• Galley pages. Now the manuscript is starting to look like a book. The author gets a week to review the first pass of the pages to make sure no mistakes were introduced, to see that all their corrections to the copyedited manuscript were made, and to make any last changes. Production also looks through the pages too. From the first pass pages bound galleys for reviewers are made, which is why they are always marked “uncorrected.” After they are corrected, production goes through the second pass pages. When these are approved, the “final files” are sent to the printer.
  • Printing. The printer has its own steps to make sure the book looks right: blues, then the F&Gs (folded and gathered pages). Publishers used to see these, but we don’t anymore. Printing can take four to six weeks.
  • Shipping. After printing, your book comes off press and then that has to be shipped to stores. The publication comes from us adding three or four weeks to the ship date because we have to make sure the book gets from the printer to our warehouse,, from the warehouse to the independent stores and distribution centers for the major retailers like Amazon and Barnes and Noble, and from the boxes in the store’s back rooms to the shelves out front.
  • Ebooks. When the final files are sent to the printer, they are also sent to the ebook converter. This process can take another week or two depending on the complexity of the design, and production reviews the ebooks to make sure the book looks as good on the screen as it does on the page. Critics often complain that ebooks should be cheaper because their marginal cost is, supposedly zero. What these people fail to appreciate is that the price of the ebook has to take into account the productions costs of the project in general, as well as those associated with ebook conversion. These costs aren’t nothing just because the ebook isn’t printed and shipped.

In a nutshell, book publication is a very long process because there are a significant number of steps that go into creating a thoughtfully crafted, error-free piece of work. Yes, the length of the production process can be shortened—the 9/11 commission report was published a few days after it was released—but that can cost a ton of money.

LS: That is a great explanation, thanks. I hope it puts publishing in perspective for people and gives everyone more of an appreciation for what goes into making the books they buy! So, to pivot a bit, you’re now on the other side of the table as a writer, what’s that been like?

SSP: It is daunting because writing is very hard. If I hadn’t come up with system for writing progressively longer and more detailed outlines, I don’t know if I could have written The Dragon Round. You can read about it here. Editing and revising, though, that I find more fun. I just wrote a whole article on editing which might be helpful to your readers. When you’re editing, you have to put the book outside yourself. You can no longer think of it as a piece of you or something you created. You have to imagine that some dude with words on a page handed you this, and now you have to make it better. This makes it easier because there is no ego involved.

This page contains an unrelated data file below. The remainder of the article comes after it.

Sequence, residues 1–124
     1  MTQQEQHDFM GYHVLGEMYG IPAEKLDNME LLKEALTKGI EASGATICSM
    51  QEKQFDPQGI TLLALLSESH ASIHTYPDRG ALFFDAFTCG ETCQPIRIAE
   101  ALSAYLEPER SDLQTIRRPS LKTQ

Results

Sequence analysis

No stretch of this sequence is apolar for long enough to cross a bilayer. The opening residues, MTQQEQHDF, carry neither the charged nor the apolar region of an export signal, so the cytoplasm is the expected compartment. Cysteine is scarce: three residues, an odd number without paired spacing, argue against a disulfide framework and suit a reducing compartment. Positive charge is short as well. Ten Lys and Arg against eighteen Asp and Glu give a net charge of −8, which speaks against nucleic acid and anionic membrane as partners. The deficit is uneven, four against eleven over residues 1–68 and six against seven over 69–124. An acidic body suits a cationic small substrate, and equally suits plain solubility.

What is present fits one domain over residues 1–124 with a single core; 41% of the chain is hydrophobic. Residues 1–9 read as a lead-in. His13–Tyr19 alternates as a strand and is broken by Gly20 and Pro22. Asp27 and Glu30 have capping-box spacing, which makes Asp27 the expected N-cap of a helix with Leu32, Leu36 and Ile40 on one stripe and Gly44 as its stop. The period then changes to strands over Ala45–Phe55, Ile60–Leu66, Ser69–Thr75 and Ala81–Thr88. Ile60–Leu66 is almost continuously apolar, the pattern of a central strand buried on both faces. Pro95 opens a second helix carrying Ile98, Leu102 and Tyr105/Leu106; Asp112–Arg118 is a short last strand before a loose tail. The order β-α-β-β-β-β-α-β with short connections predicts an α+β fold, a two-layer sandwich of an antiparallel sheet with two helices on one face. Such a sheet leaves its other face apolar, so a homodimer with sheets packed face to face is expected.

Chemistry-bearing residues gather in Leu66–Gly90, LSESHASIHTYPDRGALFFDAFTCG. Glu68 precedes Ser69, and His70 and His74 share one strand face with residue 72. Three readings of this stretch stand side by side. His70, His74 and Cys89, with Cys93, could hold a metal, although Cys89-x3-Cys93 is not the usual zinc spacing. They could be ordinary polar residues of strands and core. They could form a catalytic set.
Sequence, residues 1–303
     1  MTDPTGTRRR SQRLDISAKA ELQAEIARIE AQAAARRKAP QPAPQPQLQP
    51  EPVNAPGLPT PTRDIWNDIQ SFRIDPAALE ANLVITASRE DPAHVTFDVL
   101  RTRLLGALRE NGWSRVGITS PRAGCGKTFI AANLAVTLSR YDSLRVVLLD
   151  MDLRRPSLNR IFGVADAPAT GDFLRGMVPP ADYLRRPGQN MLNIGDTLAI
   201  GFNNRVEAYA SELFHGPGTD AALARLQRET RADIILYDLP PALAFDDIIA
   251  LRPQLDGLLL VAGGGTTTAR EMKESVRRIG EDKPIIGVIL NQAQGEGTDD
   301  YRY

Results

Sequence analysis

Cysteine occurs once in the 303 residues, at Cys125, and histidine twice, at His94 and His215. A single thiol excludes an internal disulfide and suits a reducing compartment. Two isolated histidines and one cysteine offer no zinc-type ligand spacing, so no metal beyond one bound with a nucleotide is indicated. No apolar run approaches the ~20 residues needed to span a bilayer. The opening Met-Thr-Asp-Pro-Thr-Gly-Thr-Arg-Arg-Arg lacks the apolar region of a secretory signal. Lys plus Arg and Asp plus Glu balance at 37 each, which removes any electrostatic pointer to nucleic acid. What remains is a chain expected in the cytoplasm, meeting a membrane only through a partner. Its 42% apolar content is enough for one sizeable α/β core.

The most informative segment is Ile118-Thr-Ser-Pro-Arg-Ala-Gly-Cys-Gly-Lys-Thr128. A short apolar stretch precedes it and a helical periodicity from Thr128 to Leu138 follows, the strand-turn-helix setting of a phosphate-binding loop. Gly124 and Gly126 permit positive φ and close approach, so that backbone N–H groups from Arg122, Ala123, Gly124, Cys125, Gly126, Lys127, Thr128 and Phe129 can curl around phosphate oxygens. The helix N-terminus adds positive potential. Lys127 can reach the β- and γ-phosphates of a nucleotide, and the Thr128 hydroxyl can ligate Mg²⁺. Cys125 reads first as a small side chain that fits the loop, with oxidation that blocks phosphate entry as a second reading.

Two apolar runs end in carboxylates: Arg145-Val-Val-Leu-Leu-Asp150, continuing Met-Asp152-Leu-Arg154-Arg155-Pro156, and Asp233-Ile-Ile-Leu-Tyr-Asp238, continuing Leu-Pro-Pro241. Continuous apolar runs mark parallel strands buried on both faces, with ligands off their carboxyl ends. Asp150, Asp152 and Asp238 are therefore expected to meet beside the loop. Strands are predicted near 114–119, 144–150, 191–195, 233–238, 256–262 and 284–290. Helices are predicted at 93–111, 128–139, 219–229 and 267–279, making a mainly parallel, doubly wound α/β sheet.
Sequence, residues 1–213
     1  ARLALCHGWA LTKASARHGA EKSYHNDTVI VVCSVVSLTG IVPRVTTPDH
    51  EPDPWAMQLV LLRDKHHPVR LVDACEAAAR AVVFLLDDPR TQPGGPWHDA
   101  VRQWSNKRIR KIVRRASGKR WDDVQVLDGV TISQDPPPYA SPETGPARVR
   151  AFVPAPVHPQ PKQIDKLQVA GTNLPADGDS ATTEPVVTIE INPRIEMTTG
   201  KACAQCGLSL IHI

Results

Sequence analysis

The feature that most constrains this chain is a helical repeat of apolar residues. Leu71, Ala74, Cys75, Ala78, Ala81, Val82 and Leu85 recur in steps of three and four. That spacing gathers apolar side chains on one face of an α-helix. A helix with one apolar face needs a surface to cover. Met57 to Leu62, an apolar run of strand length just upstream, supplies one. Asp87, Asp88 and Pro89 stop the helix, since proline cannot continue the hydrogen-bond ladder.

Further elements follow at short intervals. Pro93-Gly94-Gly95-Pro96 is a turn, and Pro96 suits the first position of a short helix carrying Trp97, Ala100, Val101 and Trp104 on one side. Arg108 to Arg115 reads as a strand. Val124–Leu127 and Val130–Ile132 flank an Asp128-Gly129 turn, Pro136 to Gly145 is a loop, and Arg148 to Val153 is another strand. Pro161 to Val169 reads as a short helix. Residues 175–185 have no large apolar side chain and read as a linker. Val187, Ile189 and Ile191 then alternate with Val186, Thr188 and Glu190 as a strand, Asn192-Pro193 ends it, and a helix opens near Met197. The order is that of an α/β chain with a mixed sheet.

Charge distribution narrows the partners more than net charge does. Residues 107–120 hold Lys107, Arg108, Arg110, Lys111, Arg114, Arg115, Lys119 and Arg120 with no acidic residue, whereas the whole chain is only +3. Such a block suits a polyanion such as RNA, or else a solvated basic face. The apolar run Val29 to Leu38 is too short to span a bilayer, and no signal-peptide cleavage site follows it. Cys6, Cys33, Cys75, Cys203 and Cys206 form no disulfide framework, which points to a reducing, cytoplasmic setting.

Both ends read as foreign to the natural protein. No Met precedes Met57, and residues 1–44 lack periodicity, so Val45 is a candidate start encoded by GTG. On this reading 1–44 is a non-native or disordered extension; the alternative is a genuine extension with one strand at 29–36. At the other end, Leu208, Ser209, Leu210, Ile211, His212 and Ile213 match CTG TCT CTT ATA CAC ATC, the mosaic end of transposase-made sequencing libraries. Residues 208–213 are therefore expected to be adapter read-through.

LS: I agree you need a system and a real discipline for writing a book. And sometimes you need to know when to abandon what you’ve written altogether!

SSP: You have to know when to stop and to say “this isn’t worth it.” For non-fiction works in particular, I gave a presentation at the first Business Writers Conference called “The Why of the Buy,” which is about how to create a business model for your book before you even write it. My advice is, don’t write a book that no one wants to buy, however much you want to write it. So think of yourself not as an author, but as an entrepreneur with a product, and what does an entrepreneur do before developing a product? They create a business model to see if it’s worth making the effort. Is there an audience? Who is the audience? Can I reach that audience? Fiction is a little different. You have to study trends and the fiction market place to see what people are going to want. For example, many publishers don’t want to buy vampire or zombie books right now – they have already saturated the market. You’ve got to ask yourself, what’s next? That said, don’t write a book you don’t want to write because there’s a market for it. You’ll have no fun, and that will show up in the book, making it lousy.

LS: Where do you go to research that kind of thing?

SSP: I recommend to every author that they get a subscription to Publishers Marketplace which shows recent book deals made by publishers. You can see two years into the future of what will be hitting bookshelves.

LS: So tell us about The Dragon Round!

SSP: It’s The Count of Monte Cristo with a dragon. The main character is a ship captain, there is a mutiny on the ship, and he is set adrift with the ship’s apothecary, who won’t be a party to the crime by staying. They wash up on a desert island, find a dragon egg and realize it could be their ticket off the island. The captain also realizes it could be the ticket to his taking revenge on his mutinous mates—something the poth will also not be a party too. I’m working on the sequel, The Dragon Tower, now.


So there you have it, the 411 on publishing and writing, straight from my editor’s mouth! If you want to connect with Stephen, pitch him your business book idea, or find out what he’s writing next, connect with him here:

On email: or

On Twitter: @stephenspower